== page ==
This is about expectations of myself as well. Newly, I have none. It's much better to live this way than it ever was, pushing myself, challenging myself, goading myself, even creatively. Because I've learned that just about everything I do has the potential to create anxiety for me. And I cannot handle anxiety.
What just came to mind is many of the times in my past where I had absolutely impossible expectations of myself without any idea that I had them, because I had no sense...no sense of what I really needed and wanted, no clue about personal boundaries...and because I was hellbent to prove that I could/would do what I said I would do. A lot of failures followed, and of course, I blamed myself but for the wrong reasons.
Anyway, I'm just fine now, living my contented simple life while my emotions are in equilibrium. The truth is, I have days when I don't feel so great, physically. That's what being nearly 70 will do to you. I still feel so young in my heart...but I spend a lot of time resting my body these days, often still thinking I should be able to do more. Another expectation to let go of.
There are no new mountains to climb now. (I will move eventually, to a different place in Fortuna, but likely not for 2 or 3 years yet. That'll be a stressor, but I'll handle that when I get there.) I don't need any mountains anymore. I just need peace and quiet, lots of time to read, playing in my studio when I feel like it, staring out the window at the clouds or laying in the sun and doing the same. And that's just what I've got. So I feel very blessed indeed.
Monday, July 2, 2018
Yesterday, though, did not disappoint. I recently got a copy of Nick Bantock's Urgent 2nd Class, read it through, and then found, among other goodies, the two boxes of vintage mail below at the flea market.
I'm not really sure yet what I'll do with all this goodness, other than sort and organize at this point. But finding these does make me want to go through all the various vintage things I've got here and there and group everything together somehow. I've got pamphlets of various sorts, postcards (picture and otherwise), a few of those small vertical religious cards from funerals, etc. (which, despite being Jewish, I adore), some foreign currency, magazines, advertisements, various vintage office supplies, a calendar or two, old books of course. And most of it previously collected a piece at a time from used bookshops, garage, estate and rummage sales, library book sales, and the like.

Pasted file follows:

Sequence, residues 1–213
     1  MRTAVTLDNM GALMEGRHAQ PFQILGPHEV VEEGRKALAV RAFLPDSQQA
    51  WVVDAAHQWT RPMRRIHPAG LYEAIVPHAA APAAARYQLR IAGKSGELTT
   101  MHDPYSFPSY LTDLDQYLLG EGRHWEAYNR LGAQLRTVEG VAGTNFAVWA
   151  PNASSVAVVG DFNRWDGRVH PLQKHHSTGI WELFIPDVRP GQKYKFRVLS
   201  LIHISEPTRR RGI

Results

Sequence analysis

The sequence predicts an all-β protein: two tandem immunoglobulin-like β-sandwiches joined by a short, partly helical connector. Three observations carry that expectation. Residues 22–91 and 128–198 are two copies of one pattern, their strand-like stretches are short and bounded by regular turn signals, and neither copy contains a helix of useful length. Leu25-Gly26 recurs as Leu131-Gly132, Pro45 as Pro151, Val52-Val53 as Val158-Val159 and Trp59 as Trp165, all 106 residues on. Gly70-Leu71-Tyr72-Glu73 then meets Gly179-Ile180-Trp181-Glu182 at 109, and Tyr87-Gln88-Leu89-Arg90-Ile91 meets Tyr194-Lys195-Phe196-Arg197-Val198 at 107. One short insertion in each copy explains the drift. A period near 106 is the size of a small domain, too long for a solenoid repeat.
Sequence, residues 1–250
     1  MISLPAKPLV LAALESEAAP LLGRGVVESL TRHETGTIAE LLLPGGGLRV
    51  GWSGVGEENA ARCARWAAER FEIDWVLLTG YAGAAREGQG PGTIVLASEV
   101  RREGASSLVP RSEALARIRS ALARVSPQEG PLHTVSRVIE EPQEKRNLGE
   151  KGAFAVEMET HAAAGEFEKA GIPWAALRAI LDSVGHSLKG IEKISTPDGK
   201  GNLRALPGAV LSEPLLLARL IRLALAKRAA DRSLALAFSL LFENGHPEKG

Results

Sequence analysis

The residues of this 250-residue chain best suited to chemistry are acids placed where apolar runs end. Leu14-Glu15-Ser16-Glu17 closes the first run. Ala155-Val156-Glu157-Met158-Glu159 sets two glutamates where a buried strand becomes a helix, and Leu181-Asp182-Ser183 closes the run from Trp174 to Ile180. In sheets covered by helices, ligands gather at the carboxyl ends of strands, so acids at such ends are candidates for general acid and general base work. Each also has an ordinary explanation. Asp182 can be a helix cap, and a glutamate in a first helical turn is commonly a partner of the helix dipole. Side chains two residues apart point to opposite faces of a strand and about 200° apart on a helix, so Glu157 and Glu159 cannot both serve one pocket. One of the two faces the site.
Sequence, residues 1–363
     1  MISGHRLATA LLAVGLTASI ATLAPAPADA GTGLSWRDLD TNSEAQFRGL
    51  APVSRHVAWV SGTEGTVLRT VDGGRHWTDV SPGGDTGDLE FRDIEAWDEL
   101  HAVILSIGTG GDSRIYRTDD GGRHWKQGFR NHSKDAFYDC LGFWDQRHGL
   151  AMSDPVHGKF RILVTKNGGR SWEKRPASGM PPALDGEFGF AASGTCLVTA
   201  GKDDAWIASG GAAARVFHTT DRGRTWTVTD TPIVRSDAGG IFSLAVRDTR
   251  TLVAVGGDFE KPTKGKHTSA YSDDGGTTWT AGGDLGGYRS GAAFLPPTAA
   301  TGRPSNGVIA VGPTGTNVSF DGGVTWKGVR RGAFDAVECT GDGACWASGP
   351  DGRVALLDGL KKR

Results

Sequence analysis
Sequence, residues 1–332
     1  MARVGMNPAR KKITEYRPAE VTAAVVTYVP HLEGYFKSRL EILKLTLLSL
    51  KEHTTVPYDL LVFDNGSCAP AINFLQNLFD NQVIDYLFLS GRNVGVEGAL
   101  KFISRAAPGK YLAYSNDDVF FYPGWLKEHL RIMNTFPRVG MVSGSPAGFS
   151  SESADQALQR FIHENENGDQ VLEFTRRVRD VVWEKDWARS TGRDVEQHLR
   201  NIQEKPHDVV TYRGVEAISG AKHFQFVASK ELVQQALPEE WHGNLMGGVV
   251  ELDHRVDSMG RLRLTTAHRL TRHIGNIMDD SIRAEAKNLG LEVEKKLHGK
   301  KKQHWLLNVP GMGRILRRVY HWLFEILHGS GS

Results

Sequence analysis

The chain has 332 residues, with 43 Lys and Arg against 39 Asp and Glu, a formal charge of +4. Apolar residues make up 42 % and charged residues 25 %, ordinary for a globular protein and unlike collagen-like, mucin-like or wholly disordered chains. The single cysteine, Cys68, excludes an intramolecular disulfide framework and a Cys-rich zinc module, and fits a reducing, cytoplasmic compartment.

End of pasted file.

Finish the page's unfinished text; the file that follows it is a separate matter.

I bought myself a chaise longue recently, and have spent time nearly every day out on it. I went to the beach yesterday when I was in Eureka, and will again tomorrow, to a different beach, when I go back for my monthly trip. I'll also make a stop at SCRAP Humboldt (creative re-use shop) in Arcata to find whatever goodies I can.
It's finally July, the real start of summer here on the North Coast. I'm planning to enjoy the heck out of it.
California is already burning, though, and it's not "fire season" for a few months. It's a year-round thing these days. There's thankfully nothing burning right in this area, but north, east and south, there are massive wildfires that continue growing before they're contained. And the federal government has cut back on wildfire prevention...
Hope you're having a glorious summer. If I don't post often here again, know this time that all is well and will continue to be. I'll write when I have something to share.
Wednesday, May 30, 2018
But then I lost confidence, as depression engulfed me again. And I've stopped painting now...until I feel stronger.
Art, for me, has always been "something to do," a way to utilize my creative skills...but I've never felt compelled to make art, like "Make Art or Die." For many people, art is what "saves" them, especially when they're going through difficult times in other domains of their lives. It's not that way for me -- I need to be feeling good inside in order to push forward with art.
And when I say "push forward," what I mean is going outside my comfort zone. In looking back over my life as a whole, I can see that I pushed through comfort zones, virtually endlessly, in every area of my life, because I had to. The only option would have been to vegetate, to stay totally stuck wherever I was. And being a survivor, that wasn't an alternative I could have chosen.